Over the last two decades, a large number of exoplanets have been confirmed with the rate of discovery increasing in recent years primarily as new instruments with improved sensitivities have become available. Direct imaging of an Earth-like planet is now an important goal of the science community. This is a challenging problem for two primary reasons. First, the intensity ratio between the bright star and its dim Earth-like companion is expected to be approximately ten orders of magnitude and, second, the angular separation to the star is very small.
An external occulter is a specially-shaped spacecraft that is flown in formation with a telescope in order to block most of the starlight before it reaches the entrance pupil thereby allowing planetary light outside of the occulter's inner working angle to become visible. Designing a shape for the occulter spacecraft to enable suppression over a wavelength band of interest requires modeling through scalar diffraction theory. Typical designs feature occulters that are tens of meters across at a separation of tens of thousands of kilometers from the space telescope.
In this dissertation, we focus on occulter design and scaling to enable experimental optical verification of occulters in the laboratory. We provide experimental results that establish a 10-5 suppression level in the pupil and 10-10 contrast in the focal plane, which are both approximately two orders of magnitude below the ideal performance of the testbed. We use numerical simulation to study the sensitivity of the occulter design in the laboratory and determine that performance is feature-size limited. We provide the design of a longer and flight-like occulter experiment, and study its sensitivity to determine the expected performance.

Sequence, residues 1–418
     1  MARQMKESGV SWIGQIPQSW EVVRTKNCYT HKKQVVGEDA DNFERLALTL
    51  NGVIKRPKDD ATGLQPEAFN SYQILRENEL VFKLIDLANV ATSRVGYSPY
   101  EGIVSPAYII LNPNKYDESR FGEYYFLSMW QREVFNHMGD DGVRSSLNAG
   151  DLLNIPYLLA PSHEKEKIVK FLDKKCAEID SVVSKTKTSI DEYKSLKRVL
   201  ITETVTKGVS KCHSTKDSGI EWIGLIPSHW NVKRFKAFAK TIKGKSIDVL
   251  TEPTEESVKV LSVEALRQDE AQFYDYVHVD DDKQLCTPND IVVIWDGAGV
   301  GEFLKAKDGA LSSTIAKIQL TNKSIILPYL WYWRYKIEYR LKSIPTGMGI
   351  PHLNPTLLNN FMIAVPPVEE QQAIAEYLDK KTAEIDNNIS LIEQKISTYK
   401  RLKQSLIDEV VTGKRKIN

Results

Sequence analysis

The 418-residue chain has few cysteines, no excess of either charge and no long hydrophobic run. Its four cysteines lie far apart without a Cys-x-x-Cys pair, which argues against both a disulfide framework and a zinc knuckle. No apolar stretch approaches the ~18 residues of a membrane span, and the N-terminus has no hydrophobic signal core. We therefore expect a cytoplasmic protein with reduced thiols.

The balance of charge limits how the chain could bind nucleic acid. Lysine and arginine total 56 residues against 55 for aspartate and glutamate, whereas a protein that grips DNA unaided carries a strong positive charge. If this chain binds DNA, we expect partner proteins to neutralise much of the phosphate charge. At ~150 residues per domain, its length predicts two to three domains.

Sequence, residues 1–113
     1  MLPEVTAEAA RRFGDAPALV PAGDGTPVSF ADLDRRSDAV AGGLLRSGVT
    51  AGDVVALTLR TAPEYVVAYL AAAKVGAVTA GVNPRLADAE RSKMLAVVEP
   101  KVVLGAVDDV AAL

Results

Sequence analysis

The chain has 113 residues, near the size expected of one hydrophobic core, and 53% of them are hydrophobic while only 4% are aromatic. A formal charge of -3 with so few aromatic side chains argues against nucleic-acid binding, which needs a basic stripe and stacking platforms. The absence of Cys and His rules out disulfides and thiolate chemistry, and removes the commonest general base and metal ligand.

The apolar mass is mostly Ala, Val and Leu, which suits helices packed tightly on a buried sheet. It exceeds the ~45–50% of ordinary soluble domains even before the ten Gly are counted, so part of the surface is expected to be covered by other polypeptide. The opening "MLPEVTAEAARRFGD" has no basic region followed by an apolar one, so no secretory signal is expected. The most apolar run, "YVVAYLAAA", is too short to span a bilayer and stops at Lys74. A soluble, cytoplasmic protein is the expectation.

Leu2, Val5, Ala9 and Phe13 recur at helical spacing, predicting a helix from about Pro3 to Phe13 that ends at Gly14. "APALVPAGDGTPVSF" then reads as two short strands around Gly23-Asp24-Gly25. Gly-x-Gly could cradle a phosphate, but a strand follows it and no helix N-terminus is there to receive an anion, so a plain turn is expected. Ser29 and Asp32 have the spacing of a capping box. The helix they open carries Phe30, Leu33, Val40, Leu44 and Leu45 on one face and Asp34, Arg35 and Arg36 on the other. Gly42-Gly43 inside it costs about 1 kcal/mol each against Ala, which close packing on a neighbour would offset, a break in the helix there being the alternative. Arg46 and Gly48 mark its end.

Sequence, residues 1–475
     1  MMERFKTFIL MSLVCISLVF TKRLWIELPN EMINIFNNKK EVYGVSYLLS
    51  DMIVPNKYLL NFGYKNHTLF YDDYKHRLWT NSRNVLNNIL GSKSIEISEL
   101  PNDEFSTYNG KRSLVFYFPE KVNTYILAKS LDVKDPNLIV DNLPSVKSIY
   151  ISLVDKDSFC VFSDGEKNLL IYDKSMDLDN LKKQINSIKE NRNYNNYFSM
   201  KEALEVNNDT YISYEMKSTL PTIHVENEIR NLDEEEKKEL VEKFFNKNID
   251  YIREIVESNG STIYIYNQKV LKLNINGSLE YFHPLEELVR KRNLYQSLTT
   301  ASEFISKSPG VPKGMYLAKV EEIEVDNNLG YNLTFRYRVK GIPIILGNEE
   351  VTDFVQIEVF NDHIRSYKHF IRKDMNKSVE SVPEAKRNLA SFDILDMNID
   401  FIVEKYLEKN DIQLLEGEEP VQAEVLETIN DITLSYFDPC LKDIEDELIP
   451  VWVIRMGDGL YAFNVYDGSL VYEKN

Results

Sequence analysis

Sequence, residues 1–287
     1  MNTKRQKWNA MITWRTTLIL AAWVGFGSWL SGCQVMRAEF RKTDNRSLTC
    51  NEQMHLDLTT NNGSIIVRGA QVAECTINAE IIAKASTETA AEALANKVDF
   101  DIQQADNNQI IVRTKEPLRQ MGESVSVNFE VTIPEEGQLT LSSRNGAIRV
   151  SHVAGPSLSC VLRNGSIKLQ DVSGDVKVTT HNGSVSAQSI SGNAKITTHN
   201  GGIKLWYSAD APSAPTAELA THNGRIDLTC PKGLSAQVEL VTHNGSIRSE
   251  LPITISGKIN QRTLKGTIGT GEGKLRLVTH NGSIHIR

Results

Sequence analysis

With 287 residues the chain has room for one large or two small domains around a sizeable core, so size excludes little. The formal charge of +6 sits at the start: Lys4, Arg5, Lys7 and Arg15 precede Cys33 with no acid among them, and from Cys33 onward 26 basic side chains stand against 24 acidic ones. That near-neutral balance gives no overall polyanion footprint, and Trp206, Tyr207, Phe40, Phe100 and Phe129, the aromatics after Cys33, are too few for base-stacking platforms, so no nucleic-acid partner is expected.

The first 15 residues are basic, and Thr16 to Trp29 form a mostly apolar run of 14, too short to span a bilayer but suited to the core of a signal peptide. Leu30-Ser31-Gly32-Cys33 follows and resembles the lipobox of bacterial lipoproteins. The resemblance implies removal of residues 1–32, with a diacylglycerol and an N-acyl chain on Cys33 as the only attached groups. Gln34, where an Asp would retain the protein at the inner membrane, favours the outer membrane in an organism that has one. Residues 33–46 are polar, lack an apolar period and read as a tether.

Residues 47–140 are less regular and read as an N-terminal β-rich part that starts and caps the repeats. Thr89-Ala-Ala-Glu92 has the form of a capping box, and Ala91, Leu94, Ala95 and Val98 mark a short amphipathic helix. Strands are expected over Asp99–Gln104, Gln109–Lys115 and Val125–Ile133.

|Advisor:||Kasdin, N. Jeremy|
|Commitee:||Arnold, Craig B., Littman, Michael G., Shaklan, Stuart B., Vanderbei, Robert J.|
|Department:||Mechanical and Aerospace Engineering|
|School Location:||United States -- New Jersey|
|Source:||DAI-B 76/04(E), Dissertation Abstracts International|
|Subjects:||Aerospace engineering, Astronomy, Optics|
|Keywords:||Astronomical optics, High-contrast imaging, Occulter, Optimization, Scalar diffraction, Starshade|
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